The brutal killing of a Pakistani Christian couple earlier this month has prompted leaders to begin a protest outside 10 Downing Street.
The British Pakistani Christian Association (BPCA) is organising a rally outside the Prime Minister's home on 22 November and is urging Christians from across the country to join in.
"We are calling people of good conscience from any faith or no faith to join us and honour the lives of Shahzad and Shama, while calling for Britain to lever change in Pakistan through dialogue and engagement," Chairman Wilson Chowdhry said.
The protest is being supported by the Evangelical Alliance, which has condemned the killing as "barbaric" and criticised the misuse of Pakistan's blasphemy laws.
"This barbaric act represents the latest in a long line of brutal acts of religious intolerance against Christians in a country which is set to receive more than £400 million in aid from Christian taxpayers in the UK," said director of advocacy Dr Dave Landrum in a statement.
"The Evangelical Alliance, which represents two million evangelical Christians in the UK, call on the UK government to unequivocally condemn this execution of an innocent Christian couple and use its influence to persuade Pakistan to bring the full weight of the law against the perpetrators.
"There needs to be an acknowledgement that such barbarous attacks which are no different in seriousness than the barbarous attacks of IS in the name of Islam. The world is watching and waiting for the Pakistani government to act fast and decisively to halt this persecution."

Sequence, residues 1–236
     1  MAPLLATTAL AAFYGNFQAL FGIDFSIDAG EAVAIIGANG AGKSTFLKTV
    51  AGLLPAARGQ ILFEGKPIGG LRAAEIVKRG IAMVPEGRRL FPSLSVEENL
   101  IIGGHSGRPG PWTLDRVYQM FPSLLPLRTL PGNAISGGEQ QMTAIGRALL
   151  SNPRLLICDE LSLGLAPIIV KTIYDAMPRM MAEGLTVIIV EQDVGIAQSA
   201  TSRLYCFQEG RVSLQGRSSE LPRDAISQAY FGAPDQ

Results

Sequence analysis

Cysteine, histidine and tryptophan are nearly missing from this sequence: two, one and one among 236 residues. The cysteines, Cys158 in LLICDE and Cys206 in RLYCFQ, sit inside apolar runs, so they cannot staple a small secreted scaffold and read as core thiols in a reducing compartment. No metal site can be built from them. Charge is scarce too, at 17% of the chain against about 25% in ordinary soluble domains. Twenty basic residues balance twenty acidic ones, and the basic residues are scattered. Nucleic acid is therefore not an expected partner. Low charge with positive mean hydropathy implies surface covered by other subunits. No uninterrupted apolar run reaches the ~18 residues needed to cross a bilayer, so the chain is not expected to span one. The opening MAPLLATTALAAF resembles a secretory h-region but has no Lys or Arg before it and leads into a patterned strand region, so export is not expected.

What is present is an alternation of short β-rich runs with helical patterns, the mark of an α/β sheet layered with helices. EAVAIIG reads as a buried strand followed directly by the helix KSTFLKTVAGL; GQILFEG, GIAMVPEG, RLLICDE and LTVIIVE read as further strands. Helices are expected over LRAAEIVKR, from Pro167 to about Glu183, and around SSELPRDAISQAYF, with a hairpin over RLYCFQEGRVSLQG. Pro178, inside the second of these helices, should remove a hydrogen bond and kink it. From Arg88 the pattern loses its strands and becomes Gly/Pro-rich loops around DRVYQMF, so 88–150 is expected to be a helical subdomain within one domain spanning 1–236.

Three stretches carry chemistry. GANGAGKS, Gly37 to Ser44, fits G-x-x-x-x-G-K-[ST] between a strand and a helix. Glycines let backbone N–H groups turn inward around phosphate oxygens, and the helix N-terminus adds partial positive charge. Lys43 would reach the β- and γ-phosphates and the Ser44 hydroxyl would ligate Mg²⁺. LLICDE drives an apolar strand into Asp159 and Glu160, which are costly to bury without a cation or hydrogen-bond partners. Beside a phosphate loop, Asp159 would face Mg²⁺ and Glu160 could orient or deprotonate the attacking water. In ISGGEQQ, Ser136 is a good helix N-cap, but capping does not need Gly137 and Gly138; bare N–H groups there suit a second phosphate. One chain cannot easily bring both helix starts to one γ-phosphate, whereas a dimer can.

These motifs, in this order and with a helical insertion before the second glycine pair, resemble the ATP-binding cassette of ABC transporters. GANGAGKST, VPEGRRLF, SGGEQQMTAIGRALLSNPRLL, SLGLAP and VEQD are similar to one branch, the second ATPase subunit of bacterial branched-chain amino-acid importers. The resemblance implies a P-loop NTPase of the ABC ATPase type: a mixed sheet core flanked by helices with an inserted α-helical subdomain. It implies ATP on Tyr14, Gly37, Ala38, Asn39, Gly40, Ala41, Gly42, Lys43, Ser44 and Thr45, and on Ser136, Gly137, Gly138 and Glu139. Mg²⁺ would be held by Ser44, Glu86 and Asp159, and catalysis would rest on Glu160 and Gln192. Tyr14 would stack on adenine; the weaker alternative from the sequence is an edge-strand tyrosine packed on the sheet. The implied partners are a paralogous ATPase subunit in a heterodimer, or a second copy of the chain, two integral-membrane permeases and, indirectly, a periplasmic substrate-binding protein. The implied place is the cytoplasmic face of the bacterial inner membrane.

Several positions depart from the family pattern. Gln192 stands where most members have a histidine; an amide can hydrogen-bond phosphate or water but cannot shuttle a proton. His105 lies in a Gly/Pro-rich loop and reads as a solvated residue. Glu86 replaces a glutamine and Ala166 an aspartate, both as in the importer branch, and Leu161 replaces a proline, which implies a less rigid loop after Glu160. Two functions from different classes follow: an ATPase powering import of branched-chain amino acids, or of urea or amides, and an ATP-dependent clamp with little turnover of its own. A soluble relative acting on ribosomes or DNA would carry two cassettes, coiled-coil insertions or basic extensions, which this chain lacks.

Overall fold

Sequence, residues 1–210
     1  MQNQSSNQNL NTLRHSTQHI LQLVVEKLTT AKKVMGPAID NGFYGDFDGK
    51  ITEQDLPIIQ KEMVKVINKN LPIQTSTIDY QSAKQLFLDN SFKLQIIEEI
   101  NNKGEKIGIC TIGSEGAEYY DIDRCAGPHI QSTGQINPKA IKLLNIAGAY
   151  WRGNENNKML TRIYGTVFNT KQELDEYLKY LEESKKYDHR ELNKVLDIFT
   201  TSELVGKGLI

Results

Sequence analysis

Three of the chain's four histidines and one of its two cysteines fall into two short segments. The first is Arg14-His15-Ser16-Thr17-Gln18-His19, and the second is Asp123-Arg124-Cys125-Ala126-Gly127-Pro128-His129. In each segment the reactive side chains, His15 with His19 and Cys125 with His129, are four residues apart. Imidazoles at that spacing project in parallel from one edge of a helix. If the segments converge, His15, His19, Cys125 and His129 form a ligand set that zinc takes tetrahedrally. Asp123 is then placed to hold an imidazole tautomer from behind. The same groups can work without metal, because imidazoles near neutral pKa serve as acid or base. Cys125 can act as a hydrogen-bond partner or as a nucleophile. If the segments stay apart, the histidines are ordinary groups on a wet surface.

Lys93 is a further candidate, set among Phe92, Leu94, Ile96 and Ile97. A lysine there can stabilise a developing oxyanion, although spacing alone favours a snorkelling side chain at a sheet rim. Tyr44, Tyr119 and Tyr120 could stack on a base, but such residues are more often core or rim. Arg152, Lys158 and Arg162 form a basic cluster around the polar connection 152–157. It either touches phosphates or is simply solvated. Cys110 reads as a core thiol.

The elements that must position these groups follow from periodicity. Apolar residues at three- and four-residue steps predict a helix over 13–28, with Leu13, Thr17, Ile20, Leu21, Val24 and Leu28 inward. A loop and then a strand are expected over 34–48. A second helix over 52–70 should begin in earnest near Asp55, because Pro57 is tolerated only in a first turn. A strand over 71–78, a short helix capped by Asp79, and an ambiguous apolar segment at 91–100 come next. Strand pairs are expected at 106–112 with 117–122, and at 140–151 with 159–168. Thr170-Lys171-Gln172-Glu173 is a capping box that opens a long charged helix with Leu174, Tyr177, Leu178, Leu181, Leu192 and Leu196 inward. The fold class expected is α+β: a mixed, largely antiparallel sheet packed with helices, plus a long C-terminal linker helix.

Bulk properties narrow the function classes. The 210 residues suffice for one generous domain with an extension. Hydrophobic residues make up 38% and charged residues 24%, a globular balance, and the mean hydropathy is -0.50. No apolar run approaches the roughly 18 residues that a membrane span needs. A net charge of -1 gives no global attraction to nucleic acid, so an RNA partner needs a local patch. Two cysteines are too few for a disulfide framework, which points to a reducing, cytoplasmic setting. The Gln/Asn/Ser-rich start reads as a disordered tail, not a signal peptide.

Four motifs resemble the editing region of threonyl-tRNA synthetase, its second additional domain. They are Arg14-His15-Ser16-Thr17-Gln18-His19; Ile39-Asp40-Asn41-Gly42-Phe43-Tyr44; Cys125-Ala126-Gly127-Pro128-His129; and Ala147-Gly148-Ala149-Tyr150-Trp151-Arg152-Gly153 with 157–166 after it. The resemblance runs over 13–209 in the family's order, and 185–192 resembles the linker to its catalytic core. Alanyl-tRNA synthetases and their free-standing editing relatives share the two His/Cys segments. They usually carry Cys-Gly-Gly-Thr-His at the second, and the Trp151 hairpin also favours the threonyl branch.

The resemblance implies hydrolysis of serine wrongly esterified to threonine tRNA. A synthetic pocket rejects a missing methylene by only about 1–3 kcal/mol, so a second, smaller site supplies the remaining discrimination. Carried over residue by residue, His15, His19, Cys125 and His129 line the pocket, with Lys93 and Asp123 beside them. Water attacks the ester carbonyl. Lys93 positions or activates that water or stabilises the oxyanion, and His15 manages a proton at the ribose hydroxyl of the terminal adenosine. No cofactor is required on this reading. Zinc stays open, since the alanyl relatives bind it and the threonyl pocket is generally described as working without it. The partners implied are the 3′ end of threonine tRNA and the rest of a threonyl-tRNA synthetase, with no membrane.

Christian couple Shama, 24, and her 26-year-old husband Shehzad, were beaten and tortured by a mob for allegedly desecrating the Qur'an on 4 November. They were then burned to death in a brick kiln where they worked while the police stood by and watched.
The couple had three children aged between 18 months and seven years, and Shama is believed to have been pregnant.
In addition to the rally, Manoj Raithatha of the South Asian Forum of the Evangelical Alliance, is encouraging Christians to sign a petition asking the UK government to exert diplomatic pressure on Pakistan.
"We need 100,000 signatures on this petition which calls on the UK and other western governments to condemn and do something tangible to ensure that there can be no business as usual in Pakistan in relation to the murder of Christians under the pretence of its biased blasphemy law," he said.
"It was shocking and horrifying that policemen stood by and watched the summary execution and did nothing to stop it. Pakistan needs to ensure that the impunity for hate attacks against minorities is stopped! And they can do this by guaranteeing that perpetrators are convicted rather than released after a short period of remand as in previous similar incidents."
The protest, beginning at 11am on November 22, will begin with a memorial service and will include tributes for Asia Bibi who has been on death row since November 2010. She is charged with making derogatory remarks about the Prophet Mohammed during an argument with a Muslim woman.
Pakistan is currently eighth on Open Doors' list of countries in which Christians are most violently persecuted for their faith. According to Open Doors' World Watch List, "there is a high degree of impunity regarding acts of violence against Christians" in Pakistan, and forced-conversions are not unusual."
A release from the Evangelical Alliance last week reported that an average of two to three Christian girls are kidnapped, raped and forced into Islamic marriages every day in Pakistan.
"Some Imams are reportedly preaching from the pulpits that forced marriage is legitimised by the Qu'ran," Chowdry said. "Children have to travel to school and church on buses with armed security escorts while police and army are guarding churches."
The blasphemy laws in particular have been blamed for increasing inter-religious tensions across the country.